WASHINGTON — The U.S. economy grew at an anemic 1.9 percent rate in the fourth quarter, unchanged from an initial estimate, although consumers performed better than first thought.

The increase in the gross domestic product, the broadest measure of economic health, represented a significant slowdown from 3.5 percent growth in the third quarter. The Commerce Department said consumer spending grew at a faster rate than initial estimates, but spending by state and local governments and businesses equipment purchases were weaker.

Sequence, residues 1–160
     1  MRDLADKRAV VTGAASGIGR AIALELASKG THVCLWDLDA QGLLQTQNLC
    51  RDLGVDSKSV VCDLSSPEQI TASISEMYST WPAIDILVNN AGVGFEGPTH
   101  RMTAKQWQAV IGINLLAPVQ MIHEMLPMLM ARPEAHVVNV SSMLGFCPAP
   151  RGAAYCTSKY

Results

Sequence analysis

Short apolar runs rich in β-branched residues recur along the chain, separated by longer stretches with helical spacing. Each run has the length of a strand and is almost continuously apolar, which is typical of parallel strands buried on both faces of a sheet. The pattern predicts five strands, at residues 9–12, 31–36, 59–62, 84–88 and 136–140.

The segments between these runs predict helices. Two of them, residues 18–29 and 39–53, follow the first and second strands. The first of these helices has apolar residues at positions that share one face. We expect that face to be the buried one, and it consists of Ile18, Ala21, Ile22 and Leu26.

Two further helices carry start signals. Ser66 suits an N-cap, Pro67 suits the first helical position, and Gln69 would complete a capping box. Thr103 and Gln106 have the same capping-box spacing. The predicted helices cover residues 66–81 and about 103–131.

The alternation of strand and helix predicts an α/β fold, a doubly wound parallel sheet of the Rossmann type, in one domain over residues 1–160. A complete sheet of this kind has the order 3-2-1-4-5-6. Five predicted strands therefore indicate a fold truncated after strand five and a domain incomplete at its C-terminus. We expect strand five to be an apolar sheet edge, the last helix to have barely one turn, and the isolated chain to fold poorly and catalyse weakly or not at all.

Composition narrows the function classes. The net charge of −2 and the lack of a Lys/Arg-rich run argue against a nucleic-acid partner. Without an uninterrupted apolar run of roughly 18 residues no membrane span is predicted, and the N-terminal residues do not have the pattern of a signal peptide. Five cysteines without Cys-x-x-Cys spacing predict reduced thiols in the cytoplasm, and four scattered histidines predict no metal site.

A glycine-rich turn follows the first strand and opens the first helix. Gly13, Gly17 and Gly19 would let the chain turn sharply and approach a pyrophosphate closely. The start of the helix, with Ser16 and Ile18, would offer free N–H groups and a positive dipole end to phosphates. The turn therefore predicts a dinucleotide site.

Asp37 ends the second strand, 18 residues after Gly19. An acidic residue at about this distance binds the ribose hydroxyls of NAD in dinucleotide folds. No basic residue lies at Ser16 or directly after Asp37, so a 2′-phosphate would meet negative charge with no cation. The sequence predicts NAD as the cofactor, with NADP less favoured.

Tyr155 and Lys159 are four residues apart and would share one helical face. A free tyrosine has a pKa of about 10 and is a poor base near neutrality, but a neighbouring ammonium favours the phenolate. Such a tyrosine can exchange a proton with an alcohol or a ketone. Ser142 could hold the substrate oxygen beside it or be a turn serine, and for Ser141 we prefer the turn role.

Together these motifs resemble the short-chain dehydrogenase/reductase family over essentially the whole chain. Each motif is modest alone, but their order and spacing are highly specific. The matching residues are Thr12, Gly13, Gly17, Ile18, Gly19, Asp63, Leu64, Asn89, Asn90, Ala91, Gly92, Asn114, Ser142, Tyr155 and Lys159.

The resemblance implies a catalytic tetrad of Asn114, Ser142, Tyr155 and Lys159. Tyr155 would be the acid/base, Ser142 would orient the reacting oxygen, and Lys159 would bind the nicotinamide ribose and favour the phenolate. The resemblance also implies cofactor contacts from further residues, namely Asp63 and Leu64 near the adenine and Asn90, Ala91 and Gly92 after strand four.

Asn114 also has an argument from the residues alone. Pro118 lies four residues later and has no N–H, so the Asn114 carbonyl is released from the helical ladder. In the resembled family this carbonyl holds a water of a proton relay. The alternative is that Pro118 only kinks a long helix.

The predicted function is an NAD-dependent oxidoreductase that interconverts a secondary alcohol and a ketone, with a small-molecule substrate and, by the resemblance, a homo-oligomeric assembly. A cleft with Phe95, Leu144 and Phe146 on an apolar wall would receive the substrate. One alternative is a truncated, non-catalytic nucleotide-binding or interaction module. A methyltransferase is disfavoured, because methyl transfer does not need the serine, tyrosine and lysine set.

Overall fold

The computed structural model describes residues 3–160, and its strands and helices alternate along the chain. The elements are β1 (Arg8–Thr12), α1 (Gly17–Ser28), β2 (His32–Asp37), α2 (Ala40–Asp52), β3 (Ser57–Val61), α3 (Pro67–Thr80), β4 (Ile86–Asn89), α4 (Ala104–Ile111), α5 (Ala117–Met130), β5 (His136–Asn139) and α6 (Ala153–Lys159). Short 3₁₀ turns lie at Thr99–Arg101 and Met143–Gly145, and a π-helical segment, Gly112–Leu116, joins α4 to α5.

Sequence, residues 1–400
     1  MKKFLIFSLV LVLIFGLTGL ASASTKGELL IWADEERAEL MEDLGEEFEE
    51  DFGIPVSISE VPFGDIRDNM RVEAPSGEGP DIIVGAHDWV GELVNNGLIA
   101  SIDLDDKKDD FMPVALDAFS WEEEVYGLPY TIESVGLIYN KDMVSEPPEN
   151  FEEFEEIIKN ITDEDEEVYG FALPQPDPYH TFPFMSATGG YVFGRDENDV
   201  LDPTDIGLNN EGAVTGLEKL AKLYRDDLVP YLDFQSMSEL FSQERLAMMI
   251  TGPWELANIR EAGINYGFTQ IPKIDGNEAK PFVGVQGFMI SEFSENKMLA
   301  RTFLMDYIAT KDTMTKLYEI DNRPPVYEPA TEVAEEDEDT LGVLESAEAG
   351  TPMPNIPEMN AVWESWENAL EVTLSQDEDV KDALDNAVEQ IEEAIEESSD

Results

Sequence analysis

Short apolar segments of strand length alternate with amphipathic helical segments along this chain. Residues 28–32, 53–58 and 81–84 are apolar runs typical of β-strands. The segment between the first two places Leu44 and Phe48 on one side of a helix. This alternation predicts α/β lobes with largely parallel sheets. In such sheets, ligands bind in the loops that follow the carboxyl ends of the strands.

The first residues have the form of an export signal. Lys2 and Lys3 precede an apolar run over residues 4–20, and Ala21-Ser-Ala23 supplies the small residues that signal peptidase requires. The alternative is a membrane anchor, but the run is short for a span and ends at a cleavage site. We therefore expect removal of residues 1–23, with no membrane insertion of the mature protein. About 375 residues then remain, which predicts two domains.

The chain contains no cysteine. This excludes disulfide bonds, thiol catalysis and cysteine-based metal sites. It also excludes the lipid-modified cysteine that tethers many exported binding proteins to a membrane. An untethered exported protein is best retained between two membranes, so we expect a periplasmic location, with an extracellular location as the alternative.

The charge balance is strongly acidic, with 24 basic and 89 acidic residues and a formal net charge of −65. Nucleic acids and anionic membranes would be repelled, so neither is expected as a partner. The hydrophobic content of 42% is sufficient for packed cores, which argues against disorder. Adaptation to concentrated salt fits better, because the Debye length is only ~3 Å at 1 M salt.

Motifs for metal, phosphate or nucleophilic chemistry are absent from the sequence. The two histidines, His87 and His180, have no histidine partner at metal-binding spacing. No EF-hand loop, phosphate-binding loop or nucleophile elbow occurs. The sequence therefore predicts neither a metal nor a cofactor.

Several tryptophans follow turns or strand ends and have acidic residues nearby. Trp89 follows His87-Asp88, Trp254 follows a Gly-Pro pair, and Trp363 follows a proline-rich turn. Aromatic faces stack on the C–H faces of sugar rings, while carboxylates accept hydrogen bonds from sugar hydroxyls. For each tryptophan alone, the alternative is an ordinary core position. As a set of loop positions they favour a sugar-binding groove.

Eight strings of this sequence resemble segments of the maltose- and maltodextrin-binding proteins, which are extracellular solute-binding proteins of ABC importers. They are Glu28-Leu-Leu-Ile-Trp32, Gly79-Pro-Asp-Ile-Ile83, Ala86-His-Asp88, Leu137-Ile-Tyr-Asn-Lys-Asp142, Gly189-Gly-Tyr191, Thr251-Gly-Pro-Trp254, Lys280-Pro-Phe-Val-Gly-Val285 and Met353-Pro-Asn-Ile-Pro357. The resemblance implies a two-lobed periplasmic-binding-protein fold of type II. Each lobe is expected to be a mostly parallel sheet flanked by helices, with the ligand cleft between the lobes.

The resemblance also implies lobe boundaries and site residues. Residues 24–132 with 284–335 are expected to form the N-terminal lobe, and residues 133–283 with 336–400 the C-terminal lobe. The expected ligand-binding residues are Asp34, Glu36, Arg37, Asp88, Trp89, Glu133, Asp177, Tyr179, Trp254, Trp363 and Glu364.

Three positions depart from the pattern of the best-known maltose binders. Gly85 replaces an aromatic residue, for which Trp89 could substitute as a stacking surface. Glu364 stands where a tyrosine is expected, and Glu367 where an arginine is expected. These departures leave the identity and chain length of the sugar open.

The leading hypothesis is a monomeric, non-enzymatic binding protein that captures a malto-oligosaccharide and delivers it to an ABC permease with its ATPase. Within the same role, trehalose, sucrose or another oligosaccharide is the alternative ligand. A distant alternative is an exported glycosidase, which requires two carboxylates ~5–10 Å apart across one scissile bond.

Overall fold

Growth for 2016 overall was just 1.6 percent, the poorest showing in five years. Since the recession ended in mid-2009, annual growth has averaged 2.1 percent, the worst performance for any recovery in the post-World War II period.

President Trump vowed during the campaign to double economic growth to 4 percent or better. He said his economic program of tax cuts, deregulation and increased spending in such areas as the military and infrastructure would boost the economy back to growth rates not seen on a sustained basis in decades.

However, Trump’s Treasury Secretary Steven Mnuchin has cited a lower projection of around 3 percent growth.